Monday, 5 June 2017

Silent Titans of Wir-Heal

"The wilderness of Wirral,
few lived there
Who loved with a good heart
either God or man."



Even without its unearthly substrate of sleeping Titans, Wir-Heal would still be a strange eddy in the lands of the Wrecked Heptarchy. Named for the Wir by men of the North, the Myrtle, the Myrica gale that grows in the bogs and scents the air with sweet resin, Wir-Heal is made from swamp and hill with little in-between.

Rippling bogs and still meres wrap the land, the glasslike water broken only by the cry of birds. Tidal flats make up its margins, reaches of sand and reeds riddled with runnels and streams, invisible until you get close. Covered twice a day in the murmuring of surf. Its paths are pinned to the earth by bridges of mortared stone, crumbling concrete, pine planks, un-nailed adze-cut oak or the dessicated jaws of whales.

Walkers find faded images with disappearing glyphs, which seem to be maps. Greying fog-like letters and bare black signs, an argent arrow, pointing to a place. Men have gone mad studying these signs. Impossible to tell what comes from when in Wir-Heal, so twisted in time the place is. What’s unknown is best ignored.

Hidden in the wilderness like dim gems in a rusted crown, are small hamlets of low slumped stone painted white, piled in skeletons of black oak and topped with thatched roofs, surrounded by fields fenced with branching drystone walls. In the fields are wild woman and wild men who walk on all fours eating the grass, chewing on dandelions, vines and branches and leaves in their hair, green men, grotesqueries. The Woodwose.

Watching over them, farming them and eating them, are animals standing on hind legs wearing the masks of men. Sheep, pigs, bulls, boars, bears and wolves, hares, otters, cows and deer, all with voices and the minds of human beings.

Beyond is forest and the wrecks of time. Deciduous climax vegetation broken by rolling hills like whales shouldering waves, cut by red escarpments of sunset-red sand-stone that glows in summer light, crossed by ruins and the wrecks of rails and roads, riven remains of an imagined future. Thick with crumbling concrete pillars, rags of tattered plastic, shards of glass and shining half-rotted cans with undecipherable signs, chain-link fences rising from the undergrowth between brown walking-tracks of beaten earth that break into rivulets of indistinguishable trails.

Sane time sets with the sun. With night, unbidden futures rise and the land dreams. What’s true in day may not be in the dark; suburban mazeways with trimmed lawns and light-emitting empty homes, parks of gogmagogic industry, vast box-buildings holding unknown processes, surrounded by trimmed lawns and labyrinths of waste ground, gigantic trash-Tors covering plutonic reserves for future wars, abandoned concrete docks on empty shores, servicing nothing, libraries of unreadable knowledge.



Why? The song tells it;

"Chronos called them then,
As his endeavour failed.
Theign of time who's thralls are tides,
He who spins back star-paths,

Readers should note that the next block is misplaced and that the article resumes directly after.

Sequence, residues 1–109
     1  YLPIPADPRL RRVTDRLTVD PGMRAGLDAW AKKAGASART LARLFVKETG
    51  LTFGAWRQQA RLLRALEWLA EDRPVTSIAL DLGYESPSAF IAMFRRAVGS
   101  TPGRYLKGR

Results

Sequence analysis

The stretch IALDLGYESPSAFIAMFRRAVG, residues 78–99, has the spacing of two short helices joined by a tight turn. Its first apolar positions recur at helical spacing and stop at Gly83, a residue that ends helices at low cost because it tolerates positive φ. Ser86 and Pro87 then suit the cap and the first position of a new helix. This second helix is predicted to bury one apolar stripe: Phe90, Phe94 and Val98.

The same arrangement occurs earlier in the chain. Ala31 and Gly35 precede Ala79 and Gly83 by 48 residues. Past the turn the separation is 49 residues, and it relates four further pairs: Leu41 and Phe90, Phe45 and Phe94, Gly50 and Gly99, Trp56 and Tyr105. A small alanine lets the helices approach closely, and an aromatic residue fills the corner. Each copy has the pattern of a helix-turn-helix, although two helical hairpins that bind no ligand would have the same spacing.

Or seems to.
Even those unalterable ones.

He called them from the ebbing tides of time,
The fretted sands of life upon this world when,
After mans decay,
As just before his rise,
Giants Ruled.

Titans of the end and of the worlds last breath.
Titans of the fall.
Titans mechanical, broken and cool,
Mighty-minded world-shapers made from mans last craft.
Abandoned thinkers in an empty world.
Kaos-children,
Knowing all,
The dark behind the setting sun.

They came,
And failed, and fell.
And Chronos fell, and falls.
And time began, begins, and is.

Clocks spring into life,
Seasons dance in regular time,
Winter follows summer out of fear,
(Never forgetting its hate,
always resenting its chains).
Sun circles earth,
Men age and die,
The dead stay in their place,
(For the most part),
Reality is being born;
Calmest of children,
Clearest of created things.”


Chronos and his kin became the earth, the seas the sky and the stars, fire and flint, bone and bark, dreams and dust. But those Titans of the future could not die, for they had not been born. Paradox was banished from this world, order ruled. They must wait, wait and sleep. Wait till waking when time would allow them to be. Wait and dream of worlds unborn. Under the earth but not of it, sleeping just under the turf, oak roots tangled in their hair, bogs in their nostrils, rabbit warrens just beneath their finger-nails.

Sleeping and dreaming and turning just under the grass, their dreams escaping, staining the air, transforming the land, filling it with memories of millennia to be, dreams of industry, dreams of long decay, mechanical, indifferent and absolute. Long sorrows and the wash of dark forgotten wars, scars before the wound.

They lie tangled with each other like drugged men. Their entwined and sleeping limbs make the bedrock of the peninsula. It was there the powers dumped their somnolent forms, piling one upon another, hurling them into the sea between the Rood-Die and the Afon-Mor. Sleeping in Wir-Heal where the myrtle springs up from the bog, salmon nosing wisely in its root, the Ouzel, bird most knowing, in its branch. A peninsula bounded by the rivers of the gods, fronted by cold seas, a place where few would wish to go, and from which few return.


Yet men do go to Wir-Heal, for the minds of those Titans are labyrinths of gems and gold. And men know greed above all things.

4 comments:

  1. Everything is rotten and moldy beautiful despite/because of it.

    ReplyDelete
  2. It is very beautiful. Thank you very much.

    ReplyDelete
  3. Is this connected to one of your books or its own thing?

    ReplyDelete
    Replies
    1. It will hopefully, eventually be a book.

      Delete

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